Demre (Myra, Kale), Turkey

Demre (Myra), 50 km (31 miles east of Kaş and 80 km (50 miles) southwest of Çıralı (map), is the town whereSanta Claus (Noel Baba in Turkish) first brought joy.

Actually, it was St Nicholas, a 4th-century Bishop of Myra, who lived and worked here, and who was later transmuted into the jolly Christmas elf called Sinterklaas in Holland (and similar names in other European countries), and later Santa Claus in North America.

Santa Claus (St Nicholas) Museum

An 11th-century church in Demre, now the Santa Claus Museum (Noel Baba Müzesi), once held his earthly remains, but in 1087 most of his bones were taken by force to Bari in Italy, and the remainder taken to Venice in 1100. (Churches were built in both cities to preserve the purloined relics. In 2009 the Turkish government demanded the return of the relics to Demre.)

Nicholas was born in nearby Patara, became a priest, rose to the rank of bishop, and did much of his good work here in the Roman town then called Myra, a name derived from myrrh.

Legend has it that he’d drop small bags of gold coinsdown the chimneys of houses with poor girls who were old enough to marry, but had no dowry. Another story says he’d leave gold coins in the shoes of the poor who put them out for him. Sanctified for his good works, he became the patron saint of virgins, sailors, children, pawnbrokers and Holy Russia.

Roman Myra

Today the Santa Claus Museum (Noel Baba Müzesi) is Demre’s most visited site, but there are other things to see in this small coastal Mediterranean town. About 2 km (1.2 miles) inland are the ruins of Roman Myra, with a well-preserved theater and impressive rock-hewn tombs.

Roman rock tombs at Myra (Demre), Turkey
Rock-hewn Lycian tombs at Demre, similar to those at nearby DalyanFethiye and Kaş. The person inspecting the tomb in the white circle gives you a sense of scale.

Çayağzı (Andriake)

Çayağzı, 5 km (3 miles) west of Demre just off the coastal highway, was called Andriake in Roman times, and has ruins of a plakoma, harbor, baths, churches and synagogues, as well as a decent, small beach, and several small restaurants.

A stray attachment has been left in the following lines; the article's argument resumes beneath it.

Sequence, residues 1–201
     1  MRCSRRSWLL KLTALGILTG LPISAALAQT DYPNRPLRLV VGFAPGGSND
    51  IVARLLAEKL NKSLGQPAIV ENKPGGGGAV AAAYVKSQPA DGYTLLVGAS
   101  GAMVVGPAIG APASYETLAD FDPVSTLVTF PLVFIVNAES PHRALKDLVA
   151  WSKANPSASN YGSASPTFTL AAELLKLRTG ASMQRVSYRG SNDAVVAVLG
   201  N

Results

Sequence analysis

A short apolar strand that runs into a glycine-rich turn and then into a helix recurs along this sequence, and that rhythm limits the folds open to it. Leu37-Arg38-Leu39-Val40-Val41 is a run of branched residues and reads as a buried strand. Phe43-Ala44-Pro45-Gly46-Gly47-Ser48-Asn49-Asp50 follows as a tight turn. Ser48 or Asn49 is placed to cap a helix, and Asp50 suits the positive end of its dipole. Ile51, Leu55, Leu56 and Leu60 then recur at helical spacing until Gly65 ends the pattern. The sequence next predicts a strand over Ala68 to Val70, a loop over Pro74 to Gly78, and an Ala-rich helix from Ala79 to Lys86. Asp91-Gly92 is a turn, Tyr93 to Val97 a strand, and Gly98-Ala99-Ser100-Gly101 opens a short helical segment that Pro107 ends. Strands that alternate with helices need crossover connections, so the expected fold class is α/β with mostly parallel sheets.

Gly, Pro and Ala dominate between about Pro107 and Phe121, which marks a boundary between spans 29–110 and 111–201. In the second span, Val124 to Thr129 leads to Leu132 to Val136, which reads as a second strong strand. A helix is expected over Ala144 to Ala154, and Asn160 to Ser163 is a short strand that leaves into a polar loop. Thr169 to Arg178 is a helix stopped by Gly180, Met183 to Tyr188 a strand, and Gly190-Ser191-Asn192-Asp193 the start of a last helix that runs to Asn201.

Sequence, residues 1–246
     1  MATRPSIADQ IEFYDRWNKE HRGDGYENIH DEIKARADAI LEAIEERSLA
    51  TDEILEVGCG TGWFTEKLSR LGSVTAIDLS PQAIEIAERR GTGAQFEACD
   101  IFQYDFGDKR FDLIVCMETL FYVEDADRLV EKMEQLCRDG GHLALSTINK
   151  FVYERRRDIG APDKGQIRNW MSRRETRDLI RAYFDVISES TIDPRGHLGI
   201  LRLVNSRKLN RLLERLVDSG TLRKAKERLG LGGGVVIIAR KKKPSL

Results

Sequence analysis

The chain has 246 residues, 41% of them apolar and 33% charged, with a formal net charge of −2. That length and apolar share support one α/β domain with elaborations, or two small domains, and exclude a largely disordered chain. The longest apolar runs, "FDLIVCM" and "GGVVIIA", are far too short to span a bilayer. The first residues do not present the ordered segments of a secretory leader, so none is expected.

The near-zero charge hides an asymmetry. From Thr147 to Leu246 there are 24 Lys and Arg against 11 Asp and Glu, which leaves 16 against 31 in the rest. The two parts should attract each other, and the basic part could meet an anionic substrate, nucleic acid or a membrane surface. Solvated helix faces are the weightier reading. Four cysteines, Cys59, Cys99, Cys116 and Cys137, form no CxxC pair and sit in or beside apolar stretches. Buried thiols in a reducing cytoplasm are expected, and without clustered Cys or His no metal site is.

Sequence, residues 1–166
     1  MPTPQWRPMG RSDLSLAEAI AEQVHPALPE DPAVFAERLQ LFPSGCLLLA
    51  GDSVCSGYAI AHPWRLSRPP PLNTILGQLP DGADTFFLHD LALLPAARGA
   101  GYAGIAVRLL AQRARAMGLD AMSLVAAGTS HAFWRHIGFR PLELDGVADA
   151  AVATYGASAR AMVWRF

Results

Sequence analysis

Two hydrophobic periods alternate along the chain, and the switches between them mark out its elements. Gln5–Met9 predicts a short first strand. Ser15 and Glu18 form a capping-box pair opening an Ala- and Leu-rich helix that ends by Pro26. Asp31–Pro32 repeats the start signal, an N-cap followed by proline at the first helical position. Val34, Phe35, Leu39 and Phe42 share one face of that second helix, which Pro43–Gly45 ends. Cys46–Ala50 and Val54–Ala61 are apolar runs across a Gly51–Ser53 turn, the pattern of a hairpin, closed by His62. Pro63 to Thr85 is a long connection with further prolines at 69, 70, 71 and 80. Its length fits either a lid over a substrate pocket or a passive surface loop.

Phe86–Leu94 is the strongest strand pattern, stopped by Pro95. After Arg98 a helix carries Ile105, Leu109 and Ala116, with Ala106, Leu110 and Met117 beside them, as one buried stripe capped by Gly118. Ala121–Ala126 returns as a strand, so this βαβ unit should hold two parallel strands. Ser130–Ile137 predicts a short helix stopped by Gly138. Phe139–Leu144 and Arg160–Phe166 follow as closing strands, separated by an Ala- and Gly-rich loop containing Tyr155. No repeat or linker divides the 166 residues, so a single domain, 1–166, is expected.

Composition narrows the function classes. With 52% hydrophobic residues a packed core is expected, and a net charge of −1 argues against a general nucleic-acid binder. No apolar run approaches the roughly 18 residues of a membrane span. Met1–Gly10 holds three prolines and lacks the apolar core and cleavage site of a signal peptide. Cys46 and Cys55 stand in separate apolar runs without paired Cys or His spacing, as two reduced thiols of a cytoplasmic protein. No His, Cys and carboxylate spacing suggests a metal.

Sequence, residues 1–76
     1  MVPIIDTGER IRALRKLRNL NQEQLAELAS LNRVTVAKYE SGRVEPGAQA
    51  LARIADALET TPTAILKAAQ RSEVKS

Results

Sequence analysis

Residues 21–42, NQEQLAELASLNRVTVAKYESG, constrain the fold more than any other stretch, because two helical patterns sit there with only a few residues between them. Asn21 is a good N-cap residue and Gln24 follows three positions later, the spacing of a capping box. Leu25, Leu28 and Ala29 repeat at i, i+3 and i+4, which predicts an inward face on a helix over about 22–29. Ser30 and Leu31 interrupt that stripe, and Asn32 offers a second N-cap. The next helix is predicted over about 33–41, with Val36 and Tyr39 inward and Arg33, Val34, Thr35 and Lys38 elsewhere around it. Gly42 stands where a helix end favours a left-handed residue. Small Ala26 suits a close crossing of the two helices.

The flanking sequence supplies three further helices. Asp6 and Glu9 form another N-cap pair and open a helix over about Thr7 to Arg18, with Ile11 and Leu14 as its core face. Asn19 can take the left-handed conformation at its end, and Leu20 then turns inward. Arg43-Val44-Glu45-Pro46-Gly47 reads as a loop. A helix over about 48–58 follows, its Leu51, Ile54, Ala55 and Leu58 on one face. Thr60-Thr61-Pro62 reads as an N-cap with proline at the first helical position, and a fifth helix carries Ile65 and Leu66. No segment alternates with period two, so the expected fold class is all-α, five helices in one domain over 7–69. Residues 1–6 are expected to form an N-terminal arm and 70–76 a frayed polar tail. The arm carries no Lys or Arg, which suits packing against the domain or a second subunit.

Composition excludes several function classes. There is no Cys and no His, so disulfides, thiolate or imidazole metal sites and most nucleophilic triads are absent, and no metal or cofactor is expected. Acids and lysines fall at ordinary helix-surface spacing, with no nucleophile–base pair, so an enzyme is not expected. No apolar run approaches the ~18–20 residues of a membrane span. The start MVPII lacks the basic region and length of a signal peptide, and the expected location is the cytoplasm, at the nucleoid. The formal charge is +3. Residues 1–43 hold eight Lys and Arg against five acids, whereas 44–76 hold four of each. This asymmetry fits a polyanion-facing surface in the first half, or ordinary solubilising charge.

Here in 2009, archeologists from Akdeniz University discovered the ruins of a 1500-year-old Roman synagogue atop a hill overlooking the harbor. A marble tablet inscribed with a menorah, shofar and bugle, palm tree and lemon tree helped to identify the building.

The 7-room Hadrian granary (129 AD) is now the Museum of Lycian Civilizations, with displays including a 16-meter-long (52-foot) Roman-era boat.

Hotels in Demre

Demre (also sometimes called Kale) has several suitable hotels…including the Grand Hotel Kekova right in the town center, walking distance to the Church of St Nicholas; and the Beymelek Taş Evler, a traditional Mediterranean stone-and-timber house completely renovated into a wonderful boutique hotel, 6 km (3.7 miles) from the town center on the Lycian Way hiking trail. More…

You may also choose to see Demre’s sights on your way to Kaş or ÇıralıOlimposKemer and Antalya.


Distances & Travel Times

Antalya: 145 km (90 miles) NE, 3 hours

Fethiye: 150 km (93 miles) W, 3 hours

Kaş: 45 km (28 miles) W, 1 hour

Kemer: 110 km (68 miles) NE, 2.25 hours

Marmaris: 320 km (199 miles) NW, 5.5 hours

Olimpos: 70 km (44 miles) NE, 1.75 hours

Patara: 90 km (56 miles) W, 2 hours

Üçağız: 31 km (19 miles) SW, 45 minutes

—Tom Brosnahan


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